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Benefits for a non-working spouse
Consider Tom and Faye, both turning 60 years old in 2013. At age 66 they qualify for full retirement benefits from Social Security, though they are able to begin drawing reduced benefits as early as age 62. Faye never worked outside the home and does not individually qualify for benefits. However, she does qualify for spousal benefits based on what her husband, Tom, has paid into Social Security.
In fact, if they wait until age 66 to apply for benefits, not only will Tom receive his full retirement benefit, but Faye will also receive a spousal benefit equal to half of Tom's benefit.
If Tom and Faye choose to begin receiving benefits at age 62, their benefits will be reduced, but Faye will still be entitled to a spousal benefit. Tom's benefit will be 25% less than what he would have received at age 66, while Faye's benefit will be 30% less. The reduction in Faye's benefits is based on her decision to draw benefits early. If Tom took his benefit at 62, but Faye waited to age 66, she would receive an unreduced spousal benefit.
Tom may instead plan to postpone the receipt of his benefit until age 70, which will increase his benefit by 32%. But once he reaches age 66, he can file and suspend benefits. This will permit Faye to begin receiving her spousal benefit at 66, while Tom's delayed benefit grows until age 70.
When either spouse passes away, the surviving spouse will receive only Tom's benefit; the spousal benefits will end. This increased benefit for the surviving spouse is frequently the motivating factor for a "file and suspend" strategy.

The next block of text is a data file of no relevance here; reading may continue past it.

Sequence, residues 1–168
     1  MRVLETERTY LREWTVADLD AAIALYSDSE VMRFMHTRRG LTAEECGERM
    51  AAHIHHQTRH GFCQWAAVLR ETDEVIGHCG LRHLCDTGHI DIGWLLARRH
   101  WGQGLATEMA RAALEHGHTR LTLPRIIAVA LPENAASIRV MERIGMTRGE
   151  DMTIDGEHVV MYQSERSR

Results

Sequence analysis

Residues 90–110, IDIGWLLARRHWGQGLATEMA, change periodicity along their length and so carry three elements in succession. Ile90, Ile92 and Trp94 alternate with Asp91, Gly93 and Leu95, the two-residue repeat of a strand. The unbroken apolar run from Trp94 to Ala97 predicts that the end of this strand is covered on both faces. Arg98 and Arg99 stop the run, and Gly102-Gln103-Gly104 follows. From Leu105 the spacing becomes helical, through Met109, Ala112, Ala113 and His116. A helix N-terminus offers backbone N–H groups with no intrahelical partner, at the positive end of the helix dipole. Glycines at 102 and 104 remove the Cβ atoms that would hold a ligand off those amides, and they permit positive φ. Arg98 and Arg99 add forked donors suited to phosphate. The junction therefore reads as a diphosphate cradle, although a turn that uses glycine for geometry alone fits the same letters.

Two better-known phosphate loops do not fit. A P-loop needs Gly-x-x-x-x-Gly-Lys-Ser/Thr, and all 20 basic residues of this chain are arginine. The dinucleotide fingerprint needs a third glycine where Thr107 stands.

Strategies for working spouses
When two working spouses are involved, there are also several options to consider.
Suppose Steve and Jill both paid into Social Security and will qualify for equal benefits at age 66, but Jill wants to continue working until age 70 to raise her benefit. Steve can apply for benefits at 66 and start drawing his payments. At the same time, Jill can apply for spousal benefits. This will allow her to draw half of Steve's benefit, while still working and deferring her own benefit to increase the amount she will receive at age 70. This strategy may also be utilized by a divorced spouse who plans to defer benefits until age 70.
When either spouse passes away, the surviving spouse will receive only Jill's increased benefit. Steve's payments will end.
Selecting when to draw Social Security benefits is a major decision because it is irreversible. Spousal benefits add an extra layer of confusion because there are numerous possible scenarios, and they are not reflected on Social Security statements, which are only available online for most taxpayers. Educate yourself about the available options so you make a choice that aligns with your needs and long-term goals.
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